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275647 Posts in 27717 Topics by 4283 Members Latest Member: - otto Most online today: 87 - most online ever: 429 (November 03, 2007, 04:35:43 AM)
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Author Topic: My Life With Master at GenCon  (Read 810 times)
ejh
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« on: July 28, 2003, 08:35:01 AM »

In this blog entry I discuss the pickup game of My Life With Master I played with a few friends, the evening after I bought it and demoed it.

In some ways it was an extremely wussy game, because wanting a shorter game, and reading p. 17, I placed Reason at 4 and Fear at only 3.  This meant that nobody ever failed a roll to make an overture to a connection, which was kind of too bad (IMHO).  I don't think I'd want to run a game with such a high Reason to Fear ratio unless I came into it specifically intending it to be pretty low-key, which I didn't here.

But that barely marred the game; it just made things seem too easy to the players sometime.  they still had a great time.  Early on in the game we decided to move the setting from Eastern Europe to England, and then further north to Scotland, at which point someone said "Let's make it on Loch Ness!"  of course, when all was said and done, the Master, the Mad Fishmonger, ended up chased to the pier by the angry Drifter and a horde of townsfolk, where the Fish-Boy rode the Loch Ness Monster (summoned up by the Aged Fisherman) to the pier, like Paul Atreides on a sandworm, and had it bite the Master in two.

Because of the high Love ratings engendered by the high Reason to Fear ratio every minion had a happy ending.

One thing that really worked well for me was the very scripted orchestration of scenes: "You get a GM scene, then you, then you, then you get an overture scene, then you, then you, then you get a GM scene, then you, then you..."

I wasn't terribly creative as a GM; I basically just kept having the Master order them to do nasty things -- when possible, to each other's Connections. Looked at in retrospect, it might seem a bit repetitive, but it didn't at the time; it was enough to keep everybody involved, intense, and a bit angry.

I really liked it, and I"m gonna see if I can get more people to try it.  Thanks Paul!
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nate
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« Reply #1 on: July 28, 2003, 11:12:32 AM »

I was there -- I second Ed's note that it was a heck of a lot of fun.  As players we were less frustrated with the Reason/Fear scores as he was, naturally.  Clearly, the way to go for a shorter game would have been to keep the scores lowish but at the very least have Fear equal to Reason, and to have us start with a couple of Love points each.  As the rules suggest.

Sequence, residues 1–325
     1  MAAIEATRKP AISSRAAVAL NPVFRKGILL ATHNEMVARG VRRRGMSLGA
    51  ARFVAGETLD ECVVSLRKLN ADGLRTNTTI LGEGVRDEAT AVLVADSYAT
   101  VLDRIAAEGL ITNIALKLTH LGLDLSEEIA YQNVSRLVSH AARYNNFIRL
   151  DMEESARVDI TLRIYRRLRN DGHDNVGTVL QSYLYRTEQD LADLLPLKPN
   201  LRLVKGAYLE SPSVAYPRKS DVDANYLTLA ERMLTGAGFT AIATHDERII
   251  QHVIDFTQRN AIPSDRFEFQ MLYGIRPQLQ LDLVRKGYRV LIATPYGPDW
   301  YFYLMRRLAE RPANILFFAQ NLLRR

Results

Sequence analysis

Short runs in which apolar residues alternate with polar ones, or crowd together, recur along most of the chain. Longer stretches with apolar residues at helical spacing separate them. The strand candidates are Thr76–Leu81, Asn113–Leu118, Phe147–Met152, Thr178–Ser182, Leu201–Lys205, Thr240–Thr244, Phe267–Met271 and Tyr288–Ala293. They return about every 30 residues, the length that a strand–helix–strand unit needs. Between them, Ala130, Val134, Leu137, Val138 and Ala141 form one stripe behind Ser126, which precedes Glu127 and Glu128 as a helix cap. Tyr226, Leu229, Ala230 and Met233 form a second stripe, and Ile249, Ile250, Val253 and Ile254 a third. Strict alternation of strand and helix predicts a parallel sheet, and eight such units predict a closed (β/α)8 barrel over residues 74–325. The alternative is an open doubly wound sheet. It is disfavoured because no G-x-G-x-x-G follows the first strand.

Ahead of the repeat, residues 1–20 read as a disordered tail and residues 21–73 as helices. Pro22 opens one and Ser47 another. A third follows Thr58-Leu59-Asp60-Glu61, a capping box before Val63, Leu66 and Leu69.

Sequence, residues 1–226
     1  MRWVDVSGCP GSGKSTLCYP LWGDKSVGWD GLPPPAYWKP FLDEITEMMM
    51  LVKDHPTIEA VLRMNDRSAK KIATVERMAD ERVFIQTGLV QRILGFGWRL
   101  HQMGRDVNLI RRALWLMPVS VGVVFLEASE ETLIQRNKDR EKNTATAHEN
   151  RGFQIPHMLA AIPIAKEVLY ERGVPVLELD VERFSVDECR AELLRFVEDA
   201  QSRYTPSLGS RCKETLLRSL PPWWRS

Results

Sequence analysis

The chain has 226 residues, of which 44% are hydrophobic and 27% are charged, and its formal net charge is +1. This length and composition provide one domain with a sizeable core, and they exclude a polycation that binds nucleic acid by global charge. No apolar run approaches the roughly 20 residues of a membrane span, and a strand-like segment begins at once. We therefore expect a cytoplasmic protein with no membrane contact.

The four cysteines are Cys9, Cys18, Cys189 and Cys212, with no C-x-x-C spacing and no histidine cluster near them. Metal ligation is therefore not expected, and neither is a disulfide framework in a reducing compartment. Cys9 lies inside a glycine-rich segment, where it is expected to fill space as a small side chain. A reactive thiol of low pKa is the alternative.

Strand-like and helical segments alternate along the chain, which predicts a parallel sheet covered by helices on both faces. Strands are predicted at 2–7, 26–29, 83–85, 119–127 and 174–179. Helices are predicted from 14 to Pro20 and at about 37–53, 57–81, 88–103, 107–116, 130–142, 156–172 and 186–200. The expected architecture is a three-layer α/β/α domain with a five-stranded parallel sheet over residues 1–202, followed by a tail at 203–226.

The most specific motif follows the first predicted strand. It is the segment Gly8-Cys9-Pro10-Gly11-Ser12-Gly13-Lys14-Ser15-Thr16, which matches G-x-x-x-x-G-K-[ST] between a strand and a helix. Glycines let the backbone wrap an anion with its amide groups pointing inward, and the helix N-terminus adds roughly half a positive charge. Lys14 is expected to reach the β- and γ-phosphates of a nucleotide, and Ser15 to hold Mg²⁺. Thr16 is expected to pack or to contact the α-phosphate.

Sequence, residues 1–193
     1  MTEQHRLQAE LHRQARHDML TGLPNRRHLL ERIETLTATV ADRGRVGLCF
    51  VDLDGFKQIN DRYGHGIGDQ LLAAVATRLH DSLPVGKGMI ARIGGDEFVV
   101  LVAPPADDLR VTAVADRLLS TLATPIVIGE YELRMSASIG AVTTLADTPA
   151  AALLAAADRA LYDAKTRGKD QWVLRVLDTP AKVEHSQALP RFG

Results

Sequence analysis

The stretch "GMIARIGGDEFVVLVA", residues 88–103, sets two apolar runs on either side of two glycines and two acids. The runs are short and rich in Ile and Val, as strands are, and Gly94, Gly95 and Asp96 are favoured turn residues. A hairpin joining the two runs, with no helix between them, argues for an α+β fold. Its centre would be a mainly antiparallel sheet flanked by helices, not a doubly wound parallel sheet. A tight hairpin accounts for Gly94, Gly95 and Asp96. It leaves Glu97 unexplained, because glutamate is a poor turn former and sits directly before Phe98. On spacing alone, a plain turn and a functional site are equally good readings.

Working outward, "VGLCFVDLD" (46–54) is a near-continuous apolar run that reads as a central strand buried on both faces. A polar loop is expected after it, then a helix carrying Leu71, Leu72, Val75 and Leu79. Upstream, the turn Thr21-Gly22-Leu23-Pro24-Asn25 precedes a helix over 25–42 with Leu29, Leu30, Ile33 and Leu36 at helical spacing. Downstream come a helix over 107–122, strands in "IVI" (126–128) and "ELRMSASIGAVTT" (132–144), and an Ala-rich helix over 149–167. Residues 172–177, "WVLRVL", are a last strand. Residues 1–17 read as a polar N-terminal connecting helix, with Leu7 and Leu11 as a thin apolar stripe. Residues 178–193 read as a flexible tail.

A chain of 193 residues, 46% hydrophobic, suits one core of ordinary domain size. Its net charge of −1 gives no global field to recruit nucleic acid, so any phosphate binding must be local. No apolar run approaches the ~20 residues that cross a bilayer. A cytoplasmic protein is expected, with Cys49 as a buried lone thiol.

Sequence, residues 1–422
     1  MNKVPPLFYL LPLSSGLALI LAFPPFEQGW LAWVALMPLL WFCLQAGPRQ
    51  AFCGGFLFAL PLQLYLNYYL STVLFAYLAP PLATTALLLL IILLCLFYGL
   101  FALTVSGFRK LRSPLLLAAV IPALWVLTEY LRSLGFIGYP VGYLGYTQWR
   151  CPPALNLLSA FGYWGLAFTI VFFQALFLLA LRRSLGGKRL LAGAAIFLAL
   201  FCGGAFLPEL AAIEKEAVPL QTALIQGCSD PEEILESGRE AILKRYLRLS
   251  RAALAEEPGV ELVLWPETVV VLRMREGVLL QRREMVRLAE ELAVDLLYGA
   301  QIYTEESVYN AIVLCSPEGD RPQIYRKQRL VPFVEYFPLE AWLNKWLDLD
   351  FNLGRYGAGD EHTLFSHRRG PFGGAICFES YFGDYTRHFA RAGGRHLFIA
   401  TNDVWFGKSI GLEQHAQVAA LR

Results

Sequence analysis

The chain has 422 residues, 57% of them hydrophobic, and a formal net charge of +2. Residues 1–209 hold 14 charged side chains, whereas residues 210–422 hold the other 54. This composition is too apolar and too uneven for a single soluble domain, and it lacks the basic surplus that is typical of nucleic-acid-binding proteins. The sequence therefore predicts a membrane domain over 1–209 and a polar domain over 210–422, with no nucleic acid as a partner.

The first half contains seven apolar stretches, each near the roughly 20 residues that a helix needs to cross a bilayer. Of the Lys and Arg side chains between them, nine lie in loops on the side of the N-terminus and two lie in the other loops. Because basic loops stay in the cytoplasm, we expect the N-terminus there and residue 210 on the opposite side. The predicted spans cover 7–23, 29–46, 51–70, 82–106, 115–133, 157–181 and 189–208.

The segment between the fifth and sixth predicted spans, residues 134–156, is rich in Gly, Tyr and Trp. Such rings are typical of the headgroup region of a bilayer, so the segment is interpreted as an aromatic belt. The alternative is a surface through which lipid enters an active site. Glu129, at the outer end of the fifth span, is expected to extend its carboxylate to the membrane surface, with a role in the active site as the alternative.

I picked up a copy the next morning and read through it last night.  The rules are a quick, good, and enjoyable read.  A couple things jumped out:

1. There was a moment when Phil's character, the vagrant, accosted my character, the old fisherman, and the blind woman he was overturing at that moment.  (The Master had ordered Phil's guy to kill the woman, of course).  My guy used his "speak with animals of the ocean" ability to call up crabs and lobsters to impede the attacker.

I kind of thought I should get a bonus in the ensuing conflict, but Ed ruled that calling-forth-the-crabs was simply my method of resisting, garnered me no particular bonus.  (I got lucky and won anyway.)

In retrospect, and after reading the rules, it seems like 1) 'speak with animals of the ocean' is a wee bit too broad, maybe, for a "More Than Human" trait.  The 'exception' here is that it's not all animals, but that doensn't really fit the spirit of exceptions in the other examples.  If I was GMing the same situation now I'd insist upon "speak with animals of the ocean" as the ability along with an additional exception -- not of types of animals, but of circumstances when the ability didn't work at all.  It also seems like 2) because I was invoking my More Than Human ability, success should have been -automatic-, as the rules suggest.  (Don't have my copy with me, so I can't cite page # just now.)

2. Ed jumped from character to character with scenes, and alternated between his choice (usually the Master giving one of us a command) and player choice.  This varies from the rules, which are vaguer.  They say that the players can request a scene in order to make an overture, but there's no guidelines (unless I missed them) for how often this can happen.  Also, Ed let us frame our own overture scenes, whereas the rules say that a player can ask for a scene but not frame it -- the only place where players are explicitly given that power is in the endgame.

I think I prefer the notion of the GM framing the overture scenes, though of course she can be as open as she desires to player suggestions.  The game stats are part of what made gettin' Love so easy for us, but our ability to frame the scenes exactly as we wanted (for me, in ways that didn't mess with my Less than Human trait) also played a role.